Gordon Liu returns to the 36th Chamber in, uh, RETURN TO THE 36TH CHAMBER, the sequel to the super-popular 1978 Shaw Brothers classic 36TH CHAMBER OF SHAOLIN. But RETURN is no 36TH CHAMBER REDUX, as director Lau Kar-Leung uses the sequel to pay tribute to the original film while sending it up at the same time. Changes or not, RETURN kicks ass because that’s what Lau Kar-Leung movies do. Site reader Nick Orwin says, “It may be sacrilege to prefer this to the original, but RETURN TO 36TH CHAMBER was my first real kung-fu film. I prefer it in every regard.” We’re sure that he’s not alone.

47. AH YING (1983), directed by Allen Fong - 55.5 points, 1 first place vote - HKMDB Page

Ah Ying

Few Hong Kong films are as acclaimed as Allen Fong’s AH YING, an authentic and low-key look at Hong Kong people as they undergo real, lived-in change and not the sudden emotional upheaval of manufactured melodrama. Says Tim Youngs, “What makes Allen Fong’s gentle docudrama truly shine, beyond absorbing scenes of community, family and the film scene, is the charming performance by its newcomer star.” Based in part on the real experiences of lead Hui So-Ying who, by the way, still works in Hong Kong film. She has a supporting role in Ann Hui’s A SIMPLE LIFE.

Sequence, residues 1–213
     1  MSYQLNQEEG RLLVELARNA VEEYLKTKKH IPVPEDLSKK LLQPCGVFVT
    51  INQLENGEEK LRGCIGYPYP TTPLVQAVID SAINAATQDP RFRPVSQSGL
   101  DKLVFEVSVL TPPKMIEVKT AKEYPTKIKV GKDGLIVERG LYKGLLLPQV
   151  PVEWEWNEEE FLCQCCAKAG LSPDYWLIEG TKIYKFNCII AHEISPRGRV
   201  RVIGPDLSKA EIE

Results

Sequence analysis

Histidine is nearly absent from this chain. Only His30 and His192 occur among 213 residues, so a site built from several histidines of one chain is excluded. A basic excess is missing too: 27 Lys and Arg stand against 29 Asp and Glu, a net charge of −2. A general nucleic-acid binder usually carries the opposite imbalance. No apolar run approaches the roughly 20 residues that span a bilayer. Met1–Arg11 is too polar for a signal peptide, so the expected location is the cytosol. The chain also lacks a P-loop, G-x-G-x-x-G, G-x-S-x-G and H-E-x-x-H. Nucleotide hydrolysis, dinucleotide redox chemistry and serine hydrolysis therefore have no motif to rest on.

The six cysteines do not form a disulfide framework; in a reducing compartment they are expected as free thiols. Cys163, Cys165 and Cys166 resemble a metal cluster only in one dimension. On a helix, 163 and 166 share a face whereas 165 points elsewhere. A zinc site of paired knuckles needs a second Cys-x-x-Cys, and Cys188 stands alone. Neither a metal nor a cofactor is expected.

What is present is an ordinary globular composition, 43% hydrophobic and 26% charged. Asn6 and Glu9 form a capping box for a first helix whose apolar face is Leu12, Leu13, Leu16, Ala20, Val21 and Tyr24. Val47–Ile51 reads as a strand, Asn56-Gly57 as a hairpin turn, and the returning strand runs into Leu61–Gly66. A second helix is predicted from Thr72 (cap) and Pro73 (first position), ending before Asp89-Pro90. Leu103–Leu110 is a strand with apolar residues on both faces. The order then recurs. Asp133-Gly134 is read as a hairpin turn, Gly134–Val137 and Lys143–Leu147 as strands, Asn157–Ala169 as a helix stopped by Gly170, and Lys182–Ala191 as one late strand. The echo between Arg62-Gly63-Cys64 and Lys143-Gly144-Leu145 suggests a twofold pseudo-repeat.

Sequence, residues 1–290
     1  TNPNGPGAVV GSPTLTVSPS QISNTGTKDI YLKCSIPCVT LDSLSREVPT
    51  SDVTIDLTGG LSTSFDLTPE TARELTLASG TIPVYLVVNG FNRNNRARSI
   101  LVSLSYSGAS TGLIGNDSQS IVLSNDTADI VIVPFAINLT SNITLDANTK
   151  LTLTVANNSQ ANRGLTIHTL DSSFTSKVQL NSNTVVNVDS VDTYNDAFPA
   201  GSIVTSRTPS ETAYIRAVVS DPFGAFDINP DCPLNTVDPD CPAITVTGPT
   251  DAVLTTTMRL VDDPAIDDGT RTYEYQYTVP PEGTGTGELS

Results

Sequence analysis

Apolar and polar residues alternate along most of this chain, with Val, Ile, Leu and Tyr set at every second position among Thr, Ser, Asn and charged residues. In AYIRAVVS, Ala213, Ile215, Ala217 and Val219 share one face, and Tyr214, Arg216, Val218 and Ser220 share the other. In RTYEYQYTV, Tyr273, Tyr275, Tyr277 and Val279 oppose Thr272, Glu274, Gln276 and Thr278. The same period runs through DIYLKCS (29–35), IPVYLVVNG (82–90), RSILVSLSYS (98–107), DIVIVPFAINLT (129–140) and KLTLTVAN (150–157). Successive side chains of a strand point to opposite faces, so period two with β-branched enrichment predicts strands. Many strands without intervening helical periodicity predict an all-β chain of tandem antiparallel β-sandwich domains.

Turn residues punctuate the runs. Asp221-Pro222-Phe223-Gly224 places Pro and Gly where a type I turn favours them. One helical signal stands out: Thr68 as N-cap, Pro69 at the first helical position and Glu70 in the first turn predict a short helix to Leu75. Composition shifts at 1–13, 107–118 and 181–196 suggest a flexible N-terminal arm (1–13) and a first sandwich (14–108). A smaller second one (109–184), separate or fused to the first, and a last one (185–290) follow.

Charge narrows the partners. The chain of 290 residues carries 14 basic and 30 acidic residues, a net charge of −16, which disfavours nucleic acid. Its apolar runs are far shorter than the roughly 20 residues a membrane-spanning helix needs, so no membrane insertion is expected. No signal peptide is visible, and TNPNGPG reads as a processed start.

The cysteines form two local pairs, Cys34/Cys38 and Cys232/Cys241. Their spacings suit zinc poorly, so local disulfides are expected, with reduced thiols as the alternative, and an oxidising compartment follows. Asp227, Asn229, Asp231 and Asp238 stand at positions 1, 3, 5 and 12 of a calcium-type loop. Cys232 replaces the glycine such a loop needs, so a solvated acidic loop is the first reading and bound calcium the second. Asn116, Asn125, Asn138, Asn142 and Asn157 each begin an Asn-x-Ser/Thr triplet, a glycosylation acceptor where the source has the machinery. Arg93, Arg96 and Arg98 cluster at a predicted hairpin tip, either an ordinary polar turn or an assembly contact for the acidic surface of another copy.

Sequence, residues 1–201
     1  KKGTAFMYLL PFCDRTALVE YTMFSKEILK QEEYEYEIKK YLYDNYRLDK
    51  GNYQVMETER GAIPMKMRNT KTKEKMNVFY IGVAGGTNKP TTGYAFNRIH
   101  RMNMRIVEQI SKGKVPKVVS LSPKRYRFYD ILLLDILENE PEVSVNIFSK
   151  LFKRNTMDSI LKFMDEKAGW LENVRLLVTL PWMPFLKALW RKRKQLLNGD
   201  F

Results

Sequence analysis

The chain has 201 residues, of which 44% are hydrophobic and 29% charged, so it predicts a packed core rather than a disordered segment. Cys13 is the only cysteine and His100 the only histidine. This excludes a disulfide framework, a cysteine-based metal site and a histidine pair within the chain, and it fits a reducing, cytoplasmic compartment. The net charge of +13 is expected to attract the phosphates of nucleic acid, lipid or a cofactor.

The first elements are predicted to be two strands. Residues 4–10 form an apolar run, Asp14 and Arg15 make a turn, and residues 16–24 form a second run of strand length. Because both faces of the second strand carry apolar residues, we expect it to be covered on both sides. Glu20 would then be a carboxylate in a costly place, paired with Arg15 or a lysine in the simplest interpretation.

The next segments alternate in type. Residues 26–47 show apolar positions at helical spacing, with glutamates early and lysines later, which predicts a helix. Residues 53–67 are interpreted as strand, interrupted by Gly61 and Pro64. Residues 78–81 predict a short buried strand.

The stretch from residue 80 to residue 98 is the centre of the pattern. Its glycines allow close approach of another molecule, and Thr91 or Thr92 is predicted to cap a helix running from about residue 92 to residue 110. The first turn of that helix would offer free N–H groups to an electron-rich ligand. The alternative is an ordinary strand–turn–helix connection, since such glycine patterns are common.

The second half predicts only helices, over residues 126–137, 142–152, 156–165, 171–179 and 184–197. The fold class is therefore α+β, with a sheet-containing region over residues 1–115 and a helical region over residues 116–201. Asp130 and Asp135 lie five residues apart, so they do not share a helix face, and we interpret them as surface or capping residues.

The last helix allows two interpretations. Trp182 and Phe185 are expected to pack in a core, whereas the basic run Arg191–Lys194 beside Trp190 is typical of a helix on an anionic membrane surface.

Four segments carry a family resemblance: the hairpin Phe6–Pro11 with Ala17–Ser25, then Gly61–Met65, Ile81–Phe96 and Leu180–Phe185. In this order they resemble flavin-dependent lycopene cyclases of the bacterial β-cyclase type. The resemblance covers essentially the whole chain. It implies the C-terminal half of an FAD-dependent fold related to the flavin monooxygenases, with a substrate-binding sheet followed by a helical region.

46. ACES GO PLACES (1982), directed by Eric Tsang - 56 points, 1 first place vote - LoveHKFilm Review

Aces Go Places